A sound thought, if your interest is in keeping the bankers who screwed us all in power.otherwise don’t listen to this man, he wants us to have to carry water for people who have engaged in large scale fraud.he is i suspect vested in keeping the fraud of fiat currency printed by the federal reserve going.the brenton woods agreement was violated in 1971 when nixon took us off the gold standard, it completely failed last august and international trade is breaking down.this man has no prescription to fix this, only a prescription to make sure the federal reserve board, the ones who did this to us, are still in power when it’s over.do not believe any liars or parasites who talk about how we might have to eat these losses as tax payers, the banks are bankrupt, push them into bankruptcy, it will be easier to clean up later.

  2. Not in Lalaland   January 23, 2009 at 2:15 pm

    Another economist who proposes solutions without first understanding the problem. They still haven’t learned: If your model is fatally flawed, your solution will be fatally flawed too.Too many economists frame this as a liquidity problem — we just need to tide the banks over until the markets come back. (Prof. Roubini is extremely generous to give them so much space on his site!)Over in the real world, many of us are aware that the real problem is that too many of the biggest financial institutions have been booking revenue ON BOTH SIDES of credit default swaps that are the liabilities of insolvent banks. The insolvent banks have booked the CDS premia as a income stream, while CDS buyers (e.g. Goldman, Deutsche Bank) have booked the revenue they expect to receive when the underlying defaults. That’s the wonder of derivatives that are priced by model — both sides of the trade get to book an asset.Economists who don’t bother to study the problem assume that mortgage backed securities are comparable to conventional assets. They are way behind the times. MBS are full of swaps — aka empty promises — that people like Prof. Caballero think governments should now step in and guarantee.He needs to remember that if the US government bails out the big banks at the expense of a dollar crisis that devastates US borrowing ability, the big banks don’t need to hang out in a devastated country — they can just move on to wherever the next financial center is — Beijing maybe.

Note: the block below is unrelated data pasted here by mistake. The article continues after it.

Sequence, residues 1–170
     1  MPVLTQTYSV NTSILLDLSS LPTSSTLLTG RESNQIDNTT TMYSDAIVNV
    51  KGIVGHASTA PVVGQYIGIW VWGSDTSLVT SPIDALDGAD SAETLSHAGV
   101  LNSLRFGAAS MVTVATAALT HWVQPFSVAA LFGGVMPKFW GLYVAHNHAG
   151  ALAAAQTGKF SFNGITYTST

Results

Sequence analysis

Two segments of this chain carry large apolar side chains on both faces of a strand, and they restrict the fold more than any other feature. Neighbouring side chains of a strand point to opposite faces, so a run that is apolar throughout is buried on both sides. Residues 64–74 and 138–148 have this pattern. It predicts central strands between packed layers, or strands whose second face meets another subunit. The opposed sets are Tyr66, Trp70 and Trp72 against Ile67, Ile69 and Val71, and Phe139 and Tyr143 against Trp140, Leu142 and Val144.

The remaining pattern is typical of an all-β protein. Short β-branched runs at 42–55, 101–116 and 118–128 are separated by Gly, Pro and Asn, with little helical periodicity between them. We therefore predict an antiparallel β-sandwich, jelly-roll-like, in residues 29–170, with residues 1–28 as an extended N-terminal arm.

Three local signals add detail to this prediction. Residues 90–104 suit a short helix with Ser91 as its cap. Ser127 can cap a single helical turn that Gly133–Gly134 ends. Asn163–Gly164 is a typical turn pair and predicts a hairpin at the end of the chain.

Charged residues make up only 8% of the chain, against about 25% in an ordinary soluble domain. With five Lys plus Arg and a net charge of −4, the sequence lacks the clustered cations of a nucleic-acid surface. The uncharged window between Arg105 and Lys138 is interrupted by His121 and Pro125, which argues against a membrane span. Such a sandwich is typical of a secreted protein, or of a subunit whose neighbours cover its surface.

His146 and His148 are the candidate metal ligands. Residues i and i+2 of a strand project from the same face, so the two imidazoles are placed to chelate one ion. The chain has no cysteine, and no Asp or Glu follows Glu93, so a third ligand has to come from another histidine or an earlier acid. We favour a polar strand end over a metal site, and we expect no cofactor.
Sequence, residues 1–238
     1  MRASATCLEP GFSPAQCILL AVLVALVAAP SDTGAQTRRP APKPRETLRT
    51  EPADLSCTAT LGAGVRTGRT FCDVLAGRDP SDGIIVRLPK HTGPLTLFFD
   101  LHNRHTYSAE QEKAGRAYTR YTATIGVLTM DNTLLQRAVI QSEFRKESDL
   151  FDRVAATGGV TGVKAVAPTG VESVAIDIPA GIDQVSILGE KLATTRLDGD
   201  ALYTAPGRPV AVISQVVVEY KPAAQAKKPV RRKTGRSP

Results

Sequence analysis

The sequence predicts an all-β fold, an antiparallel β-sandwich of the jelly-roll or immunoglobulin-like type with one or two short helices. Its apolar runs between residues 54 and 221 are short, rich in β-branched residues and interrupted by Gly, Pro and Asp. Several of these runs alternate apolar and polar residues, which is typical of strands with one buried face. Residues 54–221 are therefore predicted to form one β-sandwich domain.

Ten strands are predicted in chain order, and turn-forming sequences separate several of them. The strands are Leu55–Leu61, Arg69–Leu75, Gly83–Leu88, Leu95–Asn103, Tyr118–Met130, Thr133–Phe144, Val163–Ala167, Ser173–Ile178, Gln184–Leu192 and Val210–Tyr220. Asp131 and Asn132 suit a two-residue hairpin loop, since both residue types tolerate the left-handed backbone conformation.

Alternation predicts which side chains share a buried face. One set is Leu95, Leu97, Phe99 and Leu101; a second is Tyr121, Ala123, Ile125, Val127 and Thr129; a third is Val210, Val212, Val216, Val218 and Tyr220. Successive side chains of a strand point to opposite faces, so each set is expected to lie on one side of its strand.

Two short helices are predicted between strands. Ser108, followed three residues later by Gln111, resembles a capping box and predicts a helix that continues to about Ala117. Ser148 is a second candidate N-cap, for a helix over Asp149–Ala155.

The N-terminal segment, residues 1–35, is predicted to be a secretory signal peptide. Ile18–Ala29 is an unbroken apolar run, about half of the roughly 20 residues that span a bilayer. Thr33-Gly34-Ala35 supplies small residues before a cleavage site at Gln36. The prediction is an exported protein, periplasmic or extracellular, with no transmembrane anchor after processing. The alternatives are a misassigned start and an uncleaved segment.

3. interested reader   January 28, 2009 at 11:03 am

    either banks and asset prices deleverage, or the real economy will. I prefer that banks do.

  4. Anonymous   January 30, 2009 at 2:46 am

    If you have a “lemon” bank (or car) there is no point to insure it and try to sell it. It’s a lemon! No tricks, no more cheating!

  5. Guest   January 30, 2009 at 4:32 am

    I marvel sadly at these posts – a shocking mix of confusion,ignorance and arrogance you would expect from tabloid readers rather than from an economics blog. Who are these people (apparently they think they “understand” finance) that accuse Prof Caballero of “not bothering to study the problem” while saying things like: “MBS are not conventional assets” but are “full of swaps”. This is so utterly meaningless and devoid of intelligence it could be humorous, except Caballero, who is a serious economist, is talking about a serious topic here.Having structured several European MBS I can tell you are clueless (and no, none of these deals have or will ever default – despite trading at high spreads -evidence of a liquidity problem – and they are not “full” of imaginary “swaps”). Some of the other posts are really useless as well. Honest advice guys, you should puruse some other more productive interests.

  6. Anonymous   January 31, 2009 at 5:55 am

    I think Prof Caballero is on the right track. Why is there no capital? Is it really a capital-less financial system? No, The producer nations and soverign wealth funds have capital (savings). The consumer western industrialized nations US and Europe and other free market countries have deficits. Since 1973 western Bankers have tried to use various bits of legerdemain to avoid reckoning with the imbalance brought by commodity cartelization and it worked for a time. Now the waiter has brought the check and the diners are broke. Globalization without a coordinated Global bank will fail and will inevitably lead to war and protectionism. The few who profit mightily from globalization will be overwhelmed by the masses who are or have already lost everything. Its a rising tide that will eventually swamp the globalists unless a global common market GCM and global common bank GCB are formed that can effectively regulate currencies and “free market” capital flows and restore balance. The producers may resist this but in the end they are dependent on prosperous consumers for their own prosperity.